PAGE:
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Old 31-07-2012, 21:44   #16
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Join Date: Feb 2012
Location: NYC
Boat: Hunter E33
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Quote:
Originally Posted by mrohr
Gregg:both the race and plum gut are humbling.Get a copy of Eldridge and look at the charts for the 12 hour tidal cycle (snapshots for each hour). avoid going thru at max flood and max ebb,but a fair tide is best.If any wind > say 10 kts the chop is increased and things start to get scary.I've been thru all the 3 mentioned in the posts numerous times and agree with Curmudgeon that the Watch hill passage has lesser currents and might be a better way toB.I. but will take you too far East to get you into all the good things behind Plum Gut. The ride thru the race is longer but if you catch the beginning of the ebb you will save any easy hour or more in your run to BI. Plum gut is a shorter ride but the currents seem to run diagonally thru it so I favor the Plum Is side to keep from being swept onto the shoals on the LI side Check your charts carefully ,esp. depths, and catch a fair tide and you will be thu into more open water in less than 30 mins.either direction. Lotsa ferries going thru both of these cuts so they will show you the way before you are flushed thru! I use the concept of "staging area" to await a chance to get thru these difficult areas or for waiting for a favorable weather system before an offshore passage. Duck Is roads is my choice of where to wait for your tide going East thru the gut ;going West ,try Orient Hbr. For the Race ,best is West Hbr on Fishers Is. if going East ;andEast Hbr. if you need to use the Watch Hill Passage. TheWatch Hill passage would be your choice route back to LIS via Fishers Is sound if you miss a fair tide going west from BI.-----------Do your homework and lets us know how it goes----Mike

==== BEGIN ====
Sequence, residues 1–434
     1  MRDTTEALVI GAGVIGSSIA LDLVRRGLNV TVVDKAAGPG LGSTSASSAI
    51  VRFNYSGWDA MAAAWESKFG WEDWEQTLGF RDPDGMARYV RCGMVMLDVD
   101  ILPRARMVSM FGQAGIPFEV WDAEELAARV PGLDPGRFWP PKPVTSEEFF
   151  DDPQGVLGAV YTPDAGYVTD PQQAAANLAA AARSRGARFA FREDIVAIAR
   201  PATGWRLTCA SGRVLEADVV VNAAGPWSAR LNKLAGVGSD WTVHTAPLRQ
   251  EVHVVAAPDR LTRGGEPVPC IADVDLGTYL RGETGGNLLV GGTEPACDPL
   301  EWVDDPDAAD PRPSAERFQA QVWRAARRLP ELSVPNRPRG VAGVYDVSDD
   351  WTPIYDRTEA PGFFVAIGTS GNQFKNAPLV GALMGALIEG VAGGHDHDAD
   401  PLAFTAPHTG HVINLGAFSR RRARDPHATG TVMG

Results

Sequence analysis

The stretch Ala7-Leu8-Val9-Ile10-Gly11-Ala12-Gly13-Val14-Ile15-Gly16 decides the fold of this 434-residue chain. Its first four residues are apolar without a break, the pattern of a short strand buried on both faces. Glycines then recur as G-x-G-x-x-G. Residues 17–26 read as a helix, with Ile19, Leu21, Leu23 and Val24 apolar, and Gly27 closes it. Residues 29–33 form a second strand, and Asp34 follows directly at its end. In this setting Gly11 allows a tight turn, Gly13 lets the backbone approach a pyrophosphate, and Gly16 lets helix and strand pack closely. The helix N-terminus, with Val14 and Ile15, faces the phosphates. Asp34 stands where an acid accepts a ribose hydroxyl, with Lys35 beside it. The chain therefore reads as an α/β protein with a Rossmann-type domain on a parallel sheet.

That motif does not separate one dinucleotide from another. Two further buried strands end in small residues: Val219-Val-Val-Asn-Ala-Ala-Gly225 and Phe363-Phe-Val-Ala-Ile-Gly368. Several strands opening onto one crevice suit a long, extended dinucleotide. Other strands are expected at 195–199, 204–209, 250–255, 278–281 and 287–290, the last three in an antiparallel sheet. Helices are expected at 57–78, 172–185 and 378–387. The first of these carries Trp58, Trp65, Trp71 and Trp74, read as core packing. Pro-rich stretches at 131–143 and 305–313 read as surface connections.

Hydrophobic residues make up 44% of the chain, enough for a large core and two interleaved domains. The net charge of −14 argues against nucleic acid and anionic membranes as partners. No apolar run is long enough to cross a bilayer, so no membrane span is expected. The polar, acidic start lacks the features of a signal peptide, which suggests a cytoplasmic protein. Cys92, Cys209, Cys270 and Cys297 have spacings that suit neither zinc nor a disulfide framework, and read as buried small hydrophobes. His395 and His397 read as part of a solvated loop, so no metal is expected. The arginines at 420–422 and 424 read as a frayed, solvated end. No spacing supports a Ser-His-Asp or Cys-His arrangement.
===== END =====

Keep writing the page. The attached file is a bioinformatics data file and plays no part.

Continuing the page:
Thanks. Where would I find the watch hill passage? If that's easier per se then I'm all for it. Do I have to time this like the gut?
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Old 31-07-2012, 21:51   #17
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Quote:
Originally Posted by GreggL

Thanks. Where would I find the watch hill passage? If that's easier per se then I'm all for it. Do I have to time this like the gut?
Actually I just realized that watch hill is way to far east for where I'm headed. I'm traveling from NYC to sag harbor so I believe plum gut is my shortest and best route, but I'm certainly open to suggestions. Half the advice I get says the gut is nothing to fear so long as you time correctly, others scare the stuff out of me. Easiest route and timeframe through would be very helpful. Thanks again!
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Old 31-07-2012, 22:21   #18
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Re: Handling tide rips and general rough water

cwyckham... thanks for posting the trip down memory lane of the Skookumchuck Rapids. Spent many years towing logs and commercial fishing around the Egmont area and learned at an early age how to handle bringing a seineboat and tugboat through that area and the Yulcata Rapids further north.
I'd never be able to put the technique into words like Andrew and Dockhead did above but reading their posts made sense to me.
I recall seeing the tugboat flip on U-tube a while back and pulling barges out of Porpoise Bay is always problematic. Never had a mishap but scared the **** out of myself several times. Ernie Silvey, an old skipper from Egmont, was the master of those rapids and I was fortunate to have him as a teacher and mentor when I was a young deckhand living and working up there back in the 50's and 60's. You learned how to use the tides, eddies and back currents to haul log booms and barges all over that area as well as save fuel commercial fishing... thanks again for the videos! Capt Phil
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Old 31-07-2012, 22:35   #19
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Re: Handling tide rips and general rough water

Gregg,
Your are gettting a lot of good knowledge here on a very complex situation. If you were to become a white water river runner, you would know a lot about boating in moving water. But when you get to moving water in ocean entries, its sometimes like having to deal with several rivers coming together, super-imposed on open-ocean swells plus winds all at the same time. You can read many books, and do thousands of river miles to get a good understanding on this. Or, you can wait until slack water when the tides are changing, which will allow you to go when the conditions are reasonable. That is always the best. But be sure to pay attention to local knowledge on the area you are in.
Billr.
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